Article 6 paragraph 1 of the ECHR provides that “everyone is entitled to a fair and public hearing within a reasonable time by an independent and impartial tribunal established by law.” The requirement that (judicial) proceedings be conducted/completed within a reasonable time is one of the components of the right to a fair trial. Excessively lengthy proceedings and delays in the issuance or execution of judgments infringe on the individual’s right to speedy administration of justice and may undermine respect for the rule of law and impede access to justice. Especially in the context of criminal proceedings, the right to a trial within a reasonable time is also intended to ensure that the accused do not remain for an excessively long period of time in a state of uncertainty as to the outcome of the criminal charges brought against them. According to ECtHR jurisprudence, the “reasonable” duration of the procedure is judged according to the facts of each case and with the help of the following criteria: a) the complexity of the case, b) the behavior of the applicants, c) the behavior of the competent authorities and d) the stakes of the case for the stakeholders.
Article 13 of the ECHR establishes that, “everyone whose rights and freedoms as set forth in [the] Convention are violated shall have an effective remedy before a national authority notwithstanding that the violation has been committed by persons acting in an official capacity.” The state is therefore obliged to provide appropriate legal remedies and means for this purpose. Among other things, article 13 guarantees the provision and existence in the domestic legal order of a real appeal process that allows parties to complain about exceedingly lengthy proceedings.
In 2019, 4 decisions were issued by the European Court of Human Rights (ECtHR), in which it was recognized that Greece had violated the provisions of the ECHR due to the excessive length of criminal proceedings.
1. January 2019, GILBERT v. Greece (app. no. 64347/12)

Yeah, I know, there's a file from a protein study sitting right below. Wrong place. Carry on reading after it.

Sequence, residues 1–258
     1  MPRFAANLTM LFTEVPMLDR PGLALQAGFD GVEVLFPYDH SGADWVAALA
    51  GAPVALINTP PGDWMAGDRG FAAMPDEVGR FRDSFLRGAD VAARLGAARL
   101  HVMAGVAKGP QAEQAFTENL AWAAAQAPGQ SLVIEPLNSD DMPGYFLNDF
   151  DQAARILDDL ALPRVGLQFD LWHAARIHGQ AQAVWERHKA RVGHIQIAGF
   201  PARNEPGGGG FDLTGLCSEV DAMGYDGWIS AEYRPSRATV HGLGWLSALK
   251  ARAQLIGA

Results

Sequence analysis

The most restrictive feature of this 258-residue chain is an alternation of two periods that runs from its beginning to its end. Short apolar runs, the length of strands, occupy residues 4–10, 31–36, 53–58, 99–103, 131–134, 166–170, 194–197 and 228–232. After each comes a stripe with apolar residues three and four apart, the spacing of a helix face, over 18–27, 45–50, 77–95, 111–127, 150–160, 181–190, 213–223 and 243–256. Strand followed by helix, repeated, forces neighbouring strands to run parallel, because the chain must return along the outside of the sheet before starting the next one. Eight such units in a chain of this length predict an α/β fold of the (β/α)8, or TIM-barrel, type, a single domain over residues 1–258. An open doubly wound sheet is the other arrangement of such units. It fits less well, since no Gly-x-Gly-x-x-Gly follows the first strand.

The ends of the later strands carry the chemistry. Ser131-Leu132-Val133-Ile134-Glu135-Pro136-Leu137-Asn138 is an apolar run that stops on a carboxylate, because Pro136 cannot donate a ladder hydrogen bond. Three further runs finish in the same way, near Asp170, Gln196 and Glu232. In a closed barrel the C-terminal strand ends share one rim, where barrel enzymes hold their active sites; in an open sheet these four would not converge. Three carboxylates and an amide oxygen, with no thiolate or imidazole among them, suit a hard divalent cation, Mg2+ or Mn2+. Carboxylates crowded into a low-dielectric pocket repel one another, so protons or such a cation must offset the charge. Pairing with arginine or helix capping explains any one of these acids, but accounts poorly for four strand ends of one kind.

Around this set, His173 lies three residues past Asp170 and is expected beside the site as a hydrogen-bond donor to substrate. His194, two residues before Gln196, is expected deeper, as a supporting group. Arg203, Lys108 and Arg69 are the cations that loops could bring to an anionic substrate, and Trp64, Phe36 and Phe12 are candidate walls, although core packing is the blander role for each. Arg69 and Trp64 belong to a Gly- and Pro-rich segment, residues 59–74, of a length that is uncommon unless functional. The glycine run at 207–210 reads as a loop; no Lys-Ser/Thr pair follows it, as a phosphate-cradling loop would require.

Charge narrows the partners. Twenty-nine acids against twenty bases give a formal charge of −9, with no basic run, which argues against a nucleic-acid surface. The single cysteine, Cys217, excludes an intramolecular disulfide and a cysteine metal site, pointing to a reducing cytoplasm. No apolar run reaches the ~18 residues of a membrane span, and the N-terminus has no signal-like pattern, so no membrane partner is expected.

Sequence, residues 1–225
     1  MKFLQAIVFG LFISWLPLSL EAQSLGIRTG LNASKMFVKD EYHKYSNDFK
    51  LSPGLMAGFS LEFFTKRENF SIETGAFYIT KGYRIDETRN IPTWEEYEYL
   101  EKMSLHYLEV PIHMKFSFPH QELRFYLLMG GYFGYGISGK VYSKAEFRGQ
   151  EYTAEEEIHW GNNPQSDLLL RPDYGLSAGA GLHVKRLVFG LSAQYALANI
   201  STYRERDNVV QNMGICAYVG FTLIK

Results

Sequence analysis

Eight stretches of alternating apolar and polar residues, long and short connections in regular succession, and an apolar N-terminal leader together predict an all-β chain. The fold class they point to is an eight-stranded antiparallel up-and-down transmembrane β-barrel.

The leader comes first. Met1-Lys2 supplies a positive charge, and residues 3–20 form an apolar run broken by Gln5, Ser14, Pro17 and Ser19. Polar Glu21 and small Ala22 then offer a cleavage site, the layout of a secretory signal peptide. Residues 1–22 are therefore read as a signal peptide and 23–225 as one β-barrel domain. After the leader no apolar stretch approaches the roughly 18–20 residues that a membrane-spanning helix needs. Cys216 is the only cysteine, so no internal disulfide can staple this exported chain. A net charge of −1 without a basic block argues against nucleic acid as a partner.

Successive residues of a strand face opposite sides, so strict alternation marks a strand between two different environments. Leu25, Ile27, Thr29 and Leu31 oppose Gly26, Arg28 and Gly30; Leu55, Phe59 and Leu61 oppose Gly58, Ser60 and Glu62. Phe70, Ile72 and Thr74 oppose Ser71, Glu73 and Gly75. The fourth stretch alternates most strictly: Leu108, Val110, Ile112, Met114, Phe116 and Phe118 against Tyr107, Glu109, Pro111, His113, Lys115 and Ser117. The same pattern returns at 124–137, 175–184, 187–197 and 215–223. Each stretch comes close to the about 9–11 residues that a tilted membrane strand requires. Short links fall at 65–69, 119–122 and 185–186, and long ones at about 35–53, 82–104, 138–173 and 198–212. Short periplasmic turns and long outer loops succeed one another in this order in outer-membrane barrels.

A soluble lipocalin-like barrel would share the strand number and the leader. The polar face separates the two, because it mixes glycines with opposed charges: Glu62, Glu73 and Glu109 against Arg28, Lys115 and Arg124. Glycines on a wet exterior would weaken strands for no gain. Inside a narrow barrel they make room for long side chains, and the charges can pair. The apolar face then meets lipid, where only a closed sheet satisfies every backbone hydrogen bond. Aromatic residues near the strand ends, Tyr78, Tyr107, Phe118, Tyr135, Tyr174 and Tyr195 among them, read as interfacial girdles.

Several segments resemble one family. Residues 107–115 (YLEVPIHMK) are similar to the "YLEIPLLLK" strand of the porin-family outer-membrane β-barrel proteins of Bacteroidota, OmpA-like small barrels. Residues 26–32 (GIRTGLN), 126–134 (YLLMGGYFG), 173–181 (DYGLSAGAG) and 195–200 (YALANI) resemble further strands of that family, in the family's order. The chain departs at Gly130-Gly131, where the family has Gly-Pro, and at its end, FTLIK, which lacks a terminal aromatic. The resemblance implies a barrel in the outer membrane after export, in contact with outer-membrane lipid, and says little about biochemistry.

The ECtHR noted that the duration of the disputed criminal proceedings amounted to 4 years and 4 months for one degree of jurisdiction although the specific case did not present any particular difficulty. Given that the government did not present facts or data justifying the unreasonable duration of the trial, the court considered that the duration of the disputed proceedings did not meet the requirement of a reasonable time and therefore violated Article 6 paragraph 1 of the ECHR. In addition, the ECtHR ruled that, as it had already established in the Michelioudakis case, the Greek legal order did not offer the interested parties a real recourse that would allow them to complain about the duration of the trial and therefore there was also a violation of Article 13 of the ECHR.
2. April 2019, Georgiou v. Greece (appeal no. 1406/13).
In this case, the applicant complained about the excessive length of the criminal proceedings.
The ECtHR, after examining the evidence submitted before it and finding no specific reason to deviate from its previous jurisprudence on similar issues, decided that the duration of the disputed procedure (8 years and over 4 months for 3 degrees of jurisdiction) was excessive, it did not meet the conditions of the “reasonable period” and therefore there was a violation of Article 6 paragraph 1 of the ECHR.
3. July 2019, Dimitras and the Hellenic Observatory of the Helsinki Agreements (EPSE) against Greece (appeal no. 62643/12).
This appeal raised issues relating to (a) the excessive length of the criminal proceedings in which the applicant appeared as a civil plaintiff and (b) the absence of a genuine remedy allowing one to complain of the excessive length of the trial.
The applicant, who was the legal representative of the applicant organization, filed a lawsuit in July 2005 (in his own name and in the name of the applicant organization) against I.D. (General Secretary of Social Solidarity at that time) and N.K. (Minister of Health at that time) for defamation through the press. I.D. was prosecuted in October 2019 for defamation. In March 2012, the Misdemeanor Court found that the defendant had committed the offense in question, however, the criminal prosecution was dismissed due to the statute of limitations.
The ECtHR noted that the contested procedure lasted 6 years and more than 8 months for one degree of jurisdiction even though the procedure did not present any particular difficulty. The civil action remained pending before the competent authorities for a period of more than 4 years, and no facts or arguments were presented by the government that would justify the duration of the proceedings. The court therefore decided that the duration of the contested proceedings did not meet the requirement of a reasonable period of time, violating Article 6 paragraph 1 of the ECHR. In addition, the ECtHR ruled that in this particular case there was also a violation of Article 13 of the ECHR due to the absence in national law (at the time of the facts) of an appeal that would have allowed the applicant to complain about the length of the proceedings.
4. November 2019, Papargyriou v. Greece (appeal no. 55846/15).
The applicant complained about the length of the criminal proceedings initiated against her.
The ECtHR noted that the contested procedure lasted at least 10 years and approximately 9 months for one degree of jurisdiction and did not find any justification for this. The court therefore considered that the disputed proceedings were excessively long and incompatible with the “reasonable time” requirement, violating Article 6(1) of the ECHR.
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